The API uses OAuth 2 authentication and manages several development servers to provide ecosystem partners with an environment for OAuth client testing. A production server, which requires OAuth client authentication, is also available once Carma can see examples of how new developers are creating apps in the development environment. (Production server access has so far only happened with a couple of partners, as Carma seeks relationships with the right type of ecosystem partners and ensures that high levels of security and data usage can be maintained in third-party applications.)

Carma also provides HTML widgets, for example, to search for local matches. The complete code is provided on GitHub.

Sample codebases are also available to help onboarding of new ecosystem partners by showing the workflow of API calls, including creating a driver or passenger account, posting a pickup location and rating the driver.

3. APIs Increase Reach

Bortenschlager points to Uber’s recent foray into APIs as an example of how transport businesses are opening up their APIs to increase the sales potential. Bortenschlager referenced Uber executives who have stated that the goal of releasing the API is to let Uber be embedded in other application services, extending its reach into new markets.

4. APIs Power Business Models

Bortenschlager mentioned U.K. innovator Transport API, which aggregates all transport-related data feeds across London and is now monetizing those data feeds. New businesses — particularly in hyperlocal and digital out-of-home displays — are drawing on the data feeds as part of a value-added feature that is helping them provide essential complementary services to their end customers. Transport API has been able to create a suite of new pricing schemes that also match its end users' business models.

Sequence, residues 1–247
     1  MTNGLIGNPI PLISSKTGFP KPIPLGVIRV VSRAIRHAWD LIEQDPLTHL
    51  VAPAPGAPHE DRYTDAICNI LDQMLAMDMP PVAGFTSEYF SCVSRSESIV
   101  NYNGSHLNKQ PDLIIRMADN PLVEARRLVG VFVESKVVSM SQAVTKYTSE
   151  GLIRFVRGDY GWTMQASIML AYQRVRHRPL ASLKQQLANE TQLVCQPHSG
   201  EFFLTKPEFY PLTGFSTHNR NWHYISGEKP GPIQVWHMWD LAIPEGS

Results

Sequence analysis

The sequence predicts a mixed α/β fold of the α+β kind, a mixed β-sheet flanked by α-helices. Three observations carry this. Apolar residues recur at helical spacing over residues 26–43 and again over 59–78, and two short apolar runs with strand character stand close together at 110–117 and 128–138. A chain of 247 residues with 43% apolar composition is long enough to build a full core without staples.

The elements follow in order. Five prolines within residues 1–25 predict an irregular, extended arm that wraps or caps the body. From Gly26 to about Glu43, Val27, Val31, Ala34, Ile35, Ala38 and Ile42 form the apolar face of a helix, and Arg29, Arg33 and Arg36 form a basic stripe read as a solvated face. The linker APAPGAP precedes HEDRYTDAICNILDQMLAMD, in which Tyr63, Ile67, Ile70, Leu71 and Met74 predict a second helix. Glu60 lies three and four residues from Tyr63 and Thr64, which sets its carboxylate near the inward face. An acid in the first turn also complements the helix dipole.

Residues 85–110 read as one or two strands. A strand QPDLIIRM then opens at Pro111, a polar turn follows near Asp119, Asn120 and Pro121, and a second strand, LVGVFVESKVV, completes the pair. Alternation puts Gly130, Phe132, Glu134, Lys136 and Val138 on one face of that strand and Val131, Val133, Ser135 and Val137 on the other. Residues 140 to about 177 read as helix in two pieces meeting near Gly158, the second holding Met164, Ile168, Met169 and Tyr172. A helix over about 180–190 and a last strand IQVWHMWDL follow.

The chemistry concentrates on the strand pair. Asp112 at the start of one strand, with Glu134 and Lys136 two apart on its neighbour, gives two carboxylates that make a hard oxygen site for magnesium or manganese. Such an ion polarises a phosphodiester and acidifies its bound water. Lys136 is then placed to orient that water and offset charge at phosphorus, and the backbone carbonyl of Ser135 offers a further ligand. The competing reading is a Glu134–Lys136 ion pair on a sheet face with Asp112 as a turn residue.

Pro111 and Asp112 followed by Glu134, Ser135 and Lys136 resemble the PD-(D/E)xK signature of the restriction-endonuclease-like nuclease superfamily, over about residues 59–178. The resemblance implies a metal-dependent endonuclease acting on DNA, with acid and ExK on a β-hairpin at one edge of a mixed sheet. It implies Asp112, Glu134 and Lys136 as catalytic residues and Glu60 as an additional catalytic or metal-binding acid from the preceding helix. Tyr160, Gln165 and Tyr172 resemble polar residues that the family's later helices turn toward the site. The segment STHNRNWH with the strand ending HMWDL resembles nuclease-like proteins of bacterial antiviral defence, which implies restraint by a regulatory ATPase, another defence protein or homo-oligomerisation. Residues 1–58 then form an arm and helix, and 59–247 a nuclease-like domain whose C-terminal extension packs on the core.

5. APIs Drive Innovation

Bortenschlager pointed to how Transport for London is able to increase its usage (and thereby sell more transport tickets) by using a platform model that encourages innovation and the design of next-generation products and services. Transport for London encourage mashups and applications to be built based on its data supply, which includes details of transport lines, route times, rental bike schemes and electric car refill stations.

While Bortenschlager and Thiebaut-George point to a number of initiatives under way, the truth is that these are only the first steps in what will become a sea change in how transport systems operate, thanks to APIs. Airport projects aimed at better managing passenger flow and reducing airplane delays; optimizing city bike rental schemes by mining big data analytics on usage; and enabling ambitious citywide projects such as those in London, Paris and Helsinki aimed at eliminating private car usage in the inner urban centers are next in line to be rolled out beyond pilot phases, all because of what is possible with APIs.

Be sure to read the next Transportation article: Publishes Roadside Assistance API